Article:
Last week Storm Mountain Diamond (SMD), owners of Kao Mine, also accused the TRC of causing trouble.

SMD chairperson Mitford Mundell told a press conference that the TRC is “provoking conflict, pitting stakeholders against each other”.
He said the organisation is “jeopardising social cohesion and important stakeholder relationships”.
Mundell was responding the TRC’s allegations that the mine was violating human rights and deny the communities fair compensation.
Mundell said the TRC was not interested in dialogue but chaos which they instigate by misleading the community with false information.

Staff Reporter

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Doctor tampers with corpse

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THE Mokhotlong Government Hospital has agreed to pay M200 000 as compensation to the husband of a deceased patient after a doctor unlawfully tampered with the corpse.

There is a deed of settlement between the hospital and Jacob Palime, the deceased woman’s husband.

Jacob Palime rushed to the High Court in Tšifa-li-Mali last year after the hospital failed to explain why the doctor had tampered with his wife’s corpse at a private mortuary behind his back.

His wife’s body had been taken to the Lesotho Funeral Services.
Palime lives in Phahameng in Mokhotlong.

In his court papers, Palime was demanding M500 000 in compensation from the hospital “for unlawful invasion, intrusion and interference with” his rituals and rights over his dead wife.

He informed the court that his wife died in September 2020 at Mokhotlong Hospital.

“All requisite documentation pertaining to her release to Lesotho Funeral Services were effected and ultimately the deceased was accordingly transferred to the mortuary,” Palime said.

The court heard that Palime’s family was subsequently informed about the wife’s death.

The family however learnt that one doctor, acting in his professional capacity, went to the mortuary the next day and tampered with the corpse.

The doctor subsequently conducted certain tests on the corpse without the knowledge of family members.

Palime said their attempts to get an explanation from the hospital as to the purpose of the tests and the name of the doctor had failed to yield results.

“It remained questionable and therefore incomprehensible as to what actually was the purpose or rationale behind conducting such anonymous and secret tests,” he said.

Palime told the court that the whole thing left him “in an unsettled state of mind for a long time”.

He said his family, which has its traditions and culture rooted in the respect for their departed loved ones, regards and considers Mokhotlong Hospital’s conduct as an unlawful invasion, intrusion and interference with his rituals and rights over his deceased spouse.

“This is more-so because the hospital had all the opportunity to have conducted any or such alleged tests immediately upon demise of the deceased while still within its area of jurisdiction and not after her release to the mortuary,” he said.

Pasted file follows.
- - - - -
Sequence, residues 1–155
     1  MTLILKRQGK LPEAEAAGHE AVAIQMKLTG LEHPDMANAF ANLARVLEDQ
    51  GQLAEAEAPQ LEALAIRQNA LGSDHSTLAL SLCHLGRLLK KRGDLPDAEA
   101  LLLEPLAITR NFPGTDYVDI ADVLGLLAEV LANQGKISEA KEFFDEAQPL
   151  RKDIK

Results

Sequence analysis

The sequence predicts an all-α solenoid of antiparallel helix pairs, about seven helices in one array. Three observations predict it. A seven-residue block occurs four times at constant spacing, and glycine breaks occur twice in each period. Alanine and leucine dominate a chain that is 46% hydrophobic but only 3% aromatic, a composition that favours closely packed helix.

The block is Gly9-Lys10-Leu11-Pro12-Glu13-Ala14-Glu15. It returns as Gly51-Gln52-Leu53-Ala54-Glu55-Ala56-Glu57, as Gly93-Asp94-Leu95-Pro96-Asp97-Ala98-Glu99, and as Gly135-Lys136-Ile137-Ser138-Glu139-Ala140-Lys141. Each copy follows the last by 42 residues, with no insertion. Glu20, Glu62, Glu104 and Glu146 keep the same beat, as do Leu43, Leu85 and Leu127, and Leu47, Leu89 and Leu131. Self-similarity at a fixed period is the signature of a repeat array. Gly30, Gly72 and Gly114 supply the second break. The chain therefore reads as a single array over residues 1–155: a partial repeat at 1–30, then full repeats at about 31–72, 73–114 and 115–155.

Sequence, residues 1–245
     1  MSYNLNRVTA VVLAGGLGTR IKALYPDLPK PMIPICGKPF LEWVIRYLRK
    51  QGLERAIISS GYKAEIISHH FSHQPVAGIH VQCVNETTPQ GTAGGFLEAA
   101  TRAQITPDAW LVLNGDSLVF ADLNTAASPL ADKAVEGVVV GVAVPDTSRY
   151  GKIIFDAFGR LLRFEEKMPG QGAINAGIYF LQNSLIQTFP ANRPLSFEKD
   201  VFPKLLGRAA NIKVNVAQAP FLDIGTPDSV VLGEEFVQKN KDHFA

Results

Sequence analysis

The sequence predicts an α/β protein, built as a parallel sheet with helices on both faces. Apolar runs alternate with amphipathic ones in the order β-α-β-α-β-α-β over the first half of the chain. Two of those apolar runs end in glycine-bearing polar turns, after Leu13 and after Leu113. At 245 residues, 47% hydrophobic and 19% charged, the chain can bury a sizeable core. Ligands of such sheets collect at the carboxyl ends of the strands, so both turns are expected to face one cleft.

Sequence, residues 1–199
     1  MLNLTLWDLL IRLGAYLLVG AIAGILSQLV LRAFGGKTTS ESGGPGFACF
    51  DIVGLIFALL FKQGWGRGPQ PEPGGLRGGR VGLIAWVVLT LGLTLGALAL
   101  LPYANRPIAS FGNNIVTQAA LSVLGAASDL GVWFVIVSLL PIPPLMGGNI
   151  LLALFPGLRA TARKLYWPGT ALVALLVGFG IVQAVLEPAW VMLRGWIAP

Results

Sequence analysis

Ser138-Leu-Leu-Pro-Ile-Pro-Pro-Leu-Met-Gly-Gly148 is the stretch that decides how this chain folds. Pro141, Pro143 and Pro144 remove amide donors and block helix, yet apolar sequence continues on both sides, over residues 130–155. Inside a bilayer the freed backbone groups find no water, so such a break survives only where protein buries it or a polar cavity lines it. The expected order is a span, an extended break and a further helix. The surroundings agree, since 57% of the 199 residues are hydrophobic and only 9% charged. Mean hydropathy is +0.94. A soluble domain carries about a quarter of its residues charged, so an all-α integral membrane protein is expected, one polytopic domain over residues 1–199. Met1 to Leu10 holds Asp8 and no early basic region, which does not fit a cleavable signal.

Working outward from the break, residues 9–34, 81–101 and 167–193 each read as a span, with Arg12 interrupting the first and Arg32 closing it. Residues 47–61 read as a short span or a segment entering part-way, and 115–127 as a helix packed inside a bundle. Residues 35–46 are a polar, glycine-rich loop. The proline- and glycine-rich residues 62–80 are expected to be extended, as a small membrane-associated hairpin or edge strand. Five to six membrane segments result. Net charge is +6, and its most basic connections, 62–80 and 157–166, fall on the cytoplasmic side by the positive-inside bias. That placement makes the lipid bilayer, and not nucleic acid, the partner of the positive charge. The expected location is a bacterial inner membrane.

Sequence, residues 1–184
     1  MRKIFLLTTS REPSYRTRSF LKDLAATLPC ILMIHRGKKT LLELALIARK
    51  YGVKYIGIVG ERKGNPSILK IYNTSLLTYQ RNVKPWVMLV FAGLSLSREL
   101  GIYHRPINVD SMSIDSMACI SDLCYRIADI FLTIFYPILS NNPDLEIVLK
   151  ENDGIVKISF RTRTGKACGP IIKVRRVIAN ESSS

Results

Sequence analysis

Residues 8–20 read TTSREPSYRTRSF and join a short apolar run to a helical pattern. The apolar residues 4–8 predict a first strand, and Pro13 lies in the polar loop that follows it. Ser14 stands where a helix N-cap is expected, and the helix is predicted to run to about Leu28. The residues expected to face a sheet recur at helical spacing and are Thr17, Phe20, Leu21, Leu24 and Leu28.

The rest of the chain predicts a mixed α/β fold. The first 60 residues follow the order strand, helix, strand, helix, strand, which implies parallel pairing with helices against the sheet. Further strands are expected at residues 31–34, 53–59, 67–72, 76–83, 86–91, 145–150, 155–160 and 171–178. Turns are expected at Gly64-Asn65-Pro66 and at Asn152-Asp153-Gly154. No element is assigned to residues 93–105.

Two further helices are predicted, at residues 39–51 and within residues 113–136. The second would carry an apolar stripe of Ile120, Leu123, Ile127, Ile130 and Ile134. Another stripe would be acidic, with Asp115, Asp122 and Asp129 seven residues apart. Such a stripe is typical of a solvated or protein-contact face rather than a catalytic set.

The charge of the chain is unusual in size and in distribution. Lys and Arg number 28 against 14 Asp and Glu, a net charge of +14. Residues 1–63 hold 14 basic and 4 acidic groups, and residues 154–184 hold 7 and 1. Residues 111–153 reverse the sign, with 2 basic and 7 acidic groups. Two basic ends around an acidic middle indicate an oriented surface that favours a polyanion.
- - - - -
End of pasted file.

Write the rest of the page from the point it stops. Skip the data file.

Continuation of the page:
Palime said despite incessant demands, the hospital has failed, refused, ignored and neglected to cooperate with him “to amicably solve this unwarranted state of affairs”.

Palime told the court that there were no claims against the Lesotho Funeral Service as they had cooperated and compensated him for wrongly allowing the doctor to perform tests on the corpse without knowledge or presence of one of the family members.

’Malimpho Majoro

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Villagers whipped as police seize guns

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Dozens of villagers in Ha-Rammeleke in Khubelu, Mokhotlong, were on Monday night rounded up and beaten with sticks and whips by the police during an operation to seize illegal guns.

The villagers told thepost that they heard one man crying out for help saying his wife was sick. And when they rushed to his house, they found the police waiting for them.

The police had stormed the man’s house and ordered him to “cry for help” to lure men from the village.

The men and women were then frog-marched outside the village where the police assaulted the men with sticks, whips, and kicked them.

One man said when he arrived at the house, he found other villagers who were now surrounded by armed police.

“At first I thought they were soldiers but later picked up that they were SOU (Special Operations Unit) members,” he said.

He said they were subjected to severe torture.

“They beat us with sticks at the same time demanding guns from us,” he said.

The police and soldiers also raided other nearby villages in Khubelu area but in Ha-Rammeleke villagers say they identified only police from the Special Operations Unit (SOU).

Several villagers who spoke to thepost asked for anonymity for fear of retribution.

This was the second time within a month that the security forces have raided the villages in search of illegal guns after a spate of gory murders in the areas.

The murders are perpetrated by famo music gangs who are fighting over illegal gold mining in South Africa.

The first raid was on Wednesday preceding Good Friday.

Villagers say a group of armed soldiers stormed the place in the wee hours collecting almost every one to the chief’s place.